1. That sort of carelessness gets me every time, Moira. I know that no-one's perfect (least of all me!). But it takes very little time to check on details like the premise of a film. At any rate, I'm glad you were interested enough to carry on with the book, and I do find art really interesting. I have to admit, though, I don't think this is for me. Your post was, though! :-)

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    1. Thanks Margot! There are so many of us out there who are sufficiently engaged by books to notice those things - I'd have hoped authors and editors would try harder to please us.

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  2. Oh dear! I don't think that I'll be reading this. Too annoying, especially as I was an art historian in another life. An editor should have picked up some of this stuff. Thanks for reading it so that I don't have to, Moira.

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    1. I really have mixed feelings about this book - I know I am pedantic, but I do end up feeling insulted by books that get it wrong. I feel - if I can read carefully enough to notice, couldn't the professionals do the same...?

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  3. Not a chance I would read this. Partly just because I don't usually read this type of book anyway and it is too long. Partly because it sounds like it is trying to do too much. I usually just ignore factual errors like the Thelma and Louise thing, but you have to wonder why someone would mention that movie and not know more about it.

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    1. I don't think it would be your kind of thing Tracy, and it's not as if you are short of books to read...

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  4. I read this recently, full of high hopes after all the praise (and potential prizes) that have been heaped on it. But oh dear. Your review just about sums it up.

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    1. I know. I had high expectations, and I really wanted to like it more than I did...

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  5. The full title of the author is the Honourable Hannah Mary Rothschild, the daughter of the 4th Baron Rothschild. She's a trustee of both the National and Tate Galleries, and the Chairwoman of the board of the National.

    At the risk of being a reverse snob, this does sound like the publishers jumped at publishing something by her and weren't too bothered by it being pretty sloppy. The weird cultural references sound like something that I call the "Hey, Bloke!" effect. Many years back I used to read fan-fiction, and there was a DOCTOR WHO story by an American fan. The female companion at the end of the 80s was from Perivale, and was intended to be very 'street'. The author had very little idea of how she would speak, and the dialogue he wrote for her was a strange mix of Dick Van Dyke in MARY POPPINS and God-Knows-What. At one point she shouts at someone in the street with the cry of "Hey, Bloke!"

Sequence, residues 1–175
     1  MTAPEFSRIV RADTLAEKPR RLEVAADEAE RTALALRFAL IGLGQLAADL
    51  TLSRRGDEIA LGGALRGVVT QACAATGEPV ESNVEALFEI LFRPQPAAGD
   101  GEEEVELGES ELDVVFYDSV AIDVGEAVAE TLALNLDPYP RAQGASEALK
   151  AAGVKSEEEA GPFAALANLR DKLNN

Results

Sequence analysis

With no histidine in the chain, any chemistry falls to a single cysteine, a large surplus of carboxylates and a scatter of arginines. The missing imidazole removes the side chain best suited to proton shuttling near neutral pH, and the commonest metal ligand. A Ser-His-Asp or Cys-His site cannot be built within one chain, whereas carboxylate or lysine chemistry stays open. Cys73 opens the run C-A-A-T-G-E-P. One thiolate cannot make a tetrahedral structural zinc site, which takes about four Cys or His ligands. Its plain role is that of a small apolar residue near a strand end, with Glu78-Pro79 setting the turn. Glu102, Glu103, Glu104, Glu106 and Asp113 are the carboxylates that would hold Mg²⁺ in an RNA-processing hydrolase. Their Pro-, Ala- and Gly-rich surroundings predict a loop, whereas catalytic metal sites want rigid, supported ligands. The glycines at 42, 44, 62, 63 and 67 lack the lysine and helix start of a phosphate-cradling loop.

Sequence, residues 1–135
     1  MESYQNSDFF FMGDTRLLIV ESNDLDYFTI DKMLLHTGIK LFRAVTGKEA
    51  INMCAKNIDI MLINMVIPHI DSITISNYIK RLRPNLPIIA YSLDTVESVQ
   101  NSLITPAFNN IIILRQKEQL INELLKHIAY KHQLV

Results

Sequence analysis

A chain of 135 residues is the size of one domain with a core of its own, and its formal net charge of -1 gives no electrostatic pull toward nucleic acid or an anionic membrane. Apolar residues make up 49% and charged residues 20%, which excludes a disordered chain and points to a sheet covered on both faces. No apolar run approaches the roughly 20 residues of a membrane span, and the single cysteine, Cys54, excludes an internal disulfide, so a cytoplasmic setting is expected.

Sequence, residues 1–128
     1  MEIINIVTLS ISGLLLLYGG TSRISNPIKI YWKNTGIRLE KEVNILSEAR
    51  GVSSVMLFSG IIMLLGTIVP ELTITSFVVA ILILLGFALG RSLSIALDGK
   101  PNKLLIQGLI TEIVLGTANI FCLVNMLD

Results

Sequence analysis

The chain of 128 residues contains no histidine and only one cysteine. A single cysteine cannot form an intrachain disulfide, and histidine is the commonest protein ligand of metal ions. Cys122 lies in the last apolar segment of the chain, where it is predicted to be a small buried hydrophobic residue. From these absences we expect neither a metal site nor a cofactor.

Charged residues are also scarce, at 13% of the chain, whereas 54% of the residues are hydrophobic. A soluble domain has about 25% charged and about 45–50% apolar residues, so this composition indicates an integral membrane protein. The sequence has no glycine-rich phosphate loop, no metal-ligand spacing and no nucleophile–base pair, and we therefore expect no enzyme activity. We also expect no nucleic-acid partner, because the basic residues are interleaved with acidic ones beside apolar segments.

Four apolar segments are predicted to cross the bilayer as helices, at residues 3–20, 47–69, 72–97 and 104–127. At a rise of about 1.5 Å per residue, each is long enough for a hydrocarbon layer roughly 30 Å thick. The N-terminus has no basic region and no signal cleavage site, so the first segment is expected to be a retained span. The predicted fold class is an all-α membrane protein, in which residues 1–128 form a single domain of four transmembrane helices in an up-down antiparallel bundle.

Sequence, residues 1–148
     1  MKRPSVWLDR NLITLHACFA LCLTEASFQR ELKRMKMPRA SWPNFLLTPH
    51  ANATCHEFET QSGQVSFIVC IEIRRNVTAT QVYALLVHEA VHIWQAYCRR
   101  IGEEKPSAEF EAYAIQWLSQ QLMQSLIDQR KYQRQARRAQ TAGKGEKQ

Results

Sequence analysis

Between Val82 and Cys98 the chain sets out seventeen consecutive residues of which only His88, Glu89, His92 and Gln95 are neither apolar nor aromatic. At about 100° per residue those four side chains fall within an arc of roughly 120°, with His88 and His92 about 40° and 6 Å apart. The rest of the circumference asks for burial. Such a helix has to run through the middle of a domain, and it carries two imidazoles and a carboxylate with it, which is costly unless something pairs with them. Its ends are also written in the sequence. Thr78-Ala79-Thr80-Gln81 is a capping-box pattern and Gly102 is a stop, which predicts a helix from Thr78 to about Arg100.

It's the same sort of thing here. I doubt that Hannah Rothschild watches afternoon TV (nor do her friends who proof-read her book), but she's heard that POINTLESS is popular, so lets put it in the book. The same with THELMA AND LOUISE. What is irritating is that she couldn't be bothered to take the few minutes that it would need to check up references on the internet. But then, why should she? They're still going to publish the book.

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    1. Interestingly, one of the main characters - and NOT a very nice one - is the daughter of a very wealthy businessman and art collector. I suppose she wrote about what she knew, and I'm sure people in the art world want to read it. But I find all these aspects quite exclusionary for the normal reader... including her poking fun at popular culture that she hasn't bothered to try to understand, exactly as you say.

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  6. I read all the Bailey's shortlist for an event i was doing. I found the inclusion of this slightly perplexing but I did enjoy it. The painting as a character didn't do it for me.

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    1. I can see a lot of people liked this more than I did, which is fine, I'm in a minority. I was astonished that it won a prize for comedy writing though.